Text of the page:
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CHAPTER 14.doc

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Lawrence Murphy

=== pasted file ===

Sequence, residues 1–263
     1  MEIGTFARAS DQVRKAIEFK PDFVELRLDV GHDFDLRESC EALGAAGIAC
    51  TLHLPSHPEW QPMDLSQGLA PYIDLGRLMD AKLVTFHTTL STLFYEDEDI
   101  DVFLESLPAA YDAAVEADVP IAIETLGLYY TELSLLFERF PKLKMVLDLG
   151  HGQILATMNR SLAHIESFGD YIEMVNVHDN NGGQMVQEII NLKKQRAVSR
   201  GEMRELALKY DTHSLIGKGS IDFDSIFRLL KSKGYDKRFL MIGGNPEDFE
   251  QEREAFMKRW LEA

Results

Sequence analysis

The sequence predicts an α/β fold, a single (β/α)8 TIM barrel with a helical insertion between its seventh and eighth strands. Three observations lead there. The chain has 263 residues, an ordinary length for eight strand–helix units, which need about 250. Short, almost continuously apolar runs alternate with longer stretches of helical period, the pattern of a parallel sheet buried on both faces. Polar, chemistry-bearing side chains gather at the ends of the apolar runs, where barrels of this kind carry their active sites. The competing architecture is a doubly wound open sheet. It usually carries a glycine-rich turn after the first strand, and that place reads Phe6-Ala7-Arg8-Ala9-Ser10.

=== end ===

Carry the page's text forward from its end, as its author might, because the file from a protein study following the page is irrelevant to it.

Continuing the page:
CHAPTER 14: Psychological Disorders Medical Model: proposes that it is useful to think of abnormal behaviour as a disease  18 and 19 century th - before this, it was believed that abnormal behaviour was based on superstition - the medical model allowed victims to be viewed with more sympathy and less hatred and fear - Recently… Thomas Szasz o Argued that abnormal behaviour usually involves a deviation form social norms rather than an illness Medical concepts proven valuable in the treatment and study of abnormality: - Diagnosis- distinguishing one illness from another - Etiology- the apparent causation and developmental history of an illness - Prognosis- the forecast about the probable course of an illness Criteria of Abnormal Behaviour: Diagnosis of psychological disorders involve judgment about what represents normal or abnormal behaviour - However, judgments about mental illness reflect prevailing cultural, social and political trends - People can be divided into 2 distinct groups: those who are normal and those who are not - Normality and abnormality exist on a continuum Deviance: behaviour deviates from what their society considers acceptable - normality varies - when people violate cultural norms, they may be labeled mentally ill Maladaptive Behaviour: everyday adaptive behaviour is impaired - key criterion for diagnosis of drug/substance use disorders Personal Distress: individuals report of great personal distress - criterion met for depression or anxiety disorders Stereotypes of Psychological Disorders: - they are incurable - people with psychological disorders are often violent and dangerous - people with psychological disorders behave in bizarre ways and are very different from normal people Psychodiagnosis: The Classification of Disorders 1952: The American Psychiatric Association unveiled  Diagnostic and Statistical Manual of Mental Disorders (DSM) - 100 disorders described 1968: DSM II was published, but diagnostic guidelines were still pretty sketchy 1980: DSM III represented a major advance - introduced a new multi-axial system of classification - diagnosis material was made more explicit, concrete and detailed 1994 (Current): DSM IV used intervening research to refine the criteria used previously Multi-axial Evaluation: recognizes the importance of information - Axes: dimensions used to separate judgments of individuals. There are 5 axes… Axis I: (Clinical Syndromes) Diagnosis; clinicians record most types of disorders Axis II: (Personality Disorders or Mental Retardation) Diagnosis; used to list long-running personality disorders (The following are used to record supplemental information) Axis III: (General Medical Conditions) physical disorders are listed Axis IV: (Psychological Environmental Problems) clinician makes notations regarding the types of stress experiences by the individual in the past year Axis V: (Global Assessment of Functioning) estimates are made of the individual’s current level of adaptive functioning and highest level of functioning the past year Epidemiology: the study of the distribution of mental or physical disorders in a population Prevalence- refers to the percentage of population that exhibits a disorder during a specified time period - lifetime prevalence: the percentage of the people who endure a specific disorder at any time in their lives ANXIETY DISORDERS Anxiety Disorders- are marked by feelings of excessive apprehension and anxiety 5 Principle Types of Anxiety Disorders… (Are not mutually exclusive) 1. Generalized Anxiety- disorder is marked by a chronic, high level of anxiety that is not tied to any specific threat - “free floating anxiety”  non-specific - worry about minor matters related to family, finances, work and personal illness 2. Phobic Disorder- when an individual’s troublesome anxiety is marked by a specific focus or persistent and irrational fear of an object or situation that presents no realistic danger - fears (phobias) seriously interfere with their every day behaviour 3. Panic Disorder and Agoraphobia- characterized by recurrent attacks of overwhelming anxiety that usually occur suddenly and unexpectedly - Agoraphobia- a condition created by the concern about exhibiting panic in public, which leads to people being afraid of leaving the home 4. Obsessive-Compulsive Disorder (OCD) - persistent, uncontrollable intrusions of unwanted thoughts (obsessions) and urges to engage in senseless rituals (compulsions) - Obsession: thoughts that repeatedly intrude on one’s consciousness in a distressing way - Compulsions: actions that one feels forced to carry out (stereotypic rituals) 5. Post-Traumatic Stress Disorder (PTSD) – disturbed behaviour that is attributed to a major stressful event but that emerges after the stress is over - often elicited by any or a variety of traumatic events - Symptoms: re-experiencing the event in nightmares or flashbacks, problems in social relations Etiology: Like most psychological disorders, anxiety develops out of complicated interactions among a variety of biological and psychological factors (Biological Factors) Concordance rate- indicates the percentage of twin pairs or other pairs of relatives who exhibit the same disorder - twin and family studies suggest that there is a moderate genetic predisposition to anxiety disorders Anxiety Sensitivity- people are highly sensitive to the internal physiological symptoms of anxiety and are prone to overreact with fear when they experience these symptoms (Conditioning and Learning) Many anxiety responses may be acquired through classical conditioning and maintained through operant conditioning - Classical Conditioning: Fear is acquired - Operant Conditioning: Avoidance response is re-enforced because it is followed by a reduction in anxiety Preparedness (Martin Seligman): suggests that people are biologically prepared by their evolutionary history to acquire some fears much more easily than others Observational Learning can lead to the development of conditioned fears  ex. parents pass anxieties on to their children (Cognitive Factors) Certain styles of thinking make some people vulnerable to anxiety disorders. They suffer from anxiety because they tend to… a. misinterpret harmless situations as threatening b. focus excessive attention on perceived threats c. selectively recall information that seems threatening SOMATOFORM DISORDERS Somatoform Disorders- are physical ailments that cannot be fully explained by organic conditions and are largely due to psychological factors Psycho-somatic diseases- involve genuine physical ailments caused in part by psychological factors, especially reactions to stress (recorded in Axis III) 3 Types of Somatoform Disorders… 1. Somatization Disorder: marked by a history of diverse physical complaints that appear to be psychological in origin 2. Conversion Disorder: characterized by a significant loss of physical function (with apparent organic basis), usually in a single organ system 3. Hypochondriasis- is characterized by excessive preoccupation with health concerns and incessant worry about developing physical illnesses - constantly monitor their physical condition - frequently assume that the physician is incompetent and they go shopping for another doctor Etiology: disorders are largely a function of personality and cognitive factors (Personality Factors) Histrionic personality tends to be self-centered, suggestible, excitable, high emotional and overly dramatic (Cognitive Factors) Focus excessive attention on their internal physiological processes and amplify normal bodily sensations into symptoms of distress, which lead them to pursue unnecessary medical treatment - Complaints about physical symptoms may be reinforced by indirect benefits derived from their illness… o avoid having to confront to life’s challenges o provide a convenient excuse when people fail o attention from others DISSOCIATIVE DISORDERS Dissociative Disorders- when people lose contact with portions of their consciousness or memory, resulting in disruptions in their sense of identity 3 Dissociative Syndromes are… 1. Dissociative Amnesia: is a sudden loss of memory for important personal information that is too extensive to be due to normal forgetting  may occur for a single traumatic event and Fatigue: 2. Dissociative Fatigue- people lose their memory for their entire lives along with their sense of personal identity 3. Dissociative Identity Disorder (DID): involves coexistence in one person of two or more largely complete, and usually very different, personalities. “Multiple personality Disorder” - the divergences in behaviour go far beyond those that people normally display in adapting to different roles in life - “multiple personalities” feel that they have more than one identity  mistakeningly called schizophrenia Etiology: The causes of dissociative identity disorders are particularly obscure - some people believe that people with DID are engaging in intentional role-playing to use an exotic mental illness as a face-saving excuse for their personal feelings - these disorders may be rooted in emotional trauma that occurred during childhood MOOD DISORDERS Mood Disorders- marked by emotional disturbances of varied kin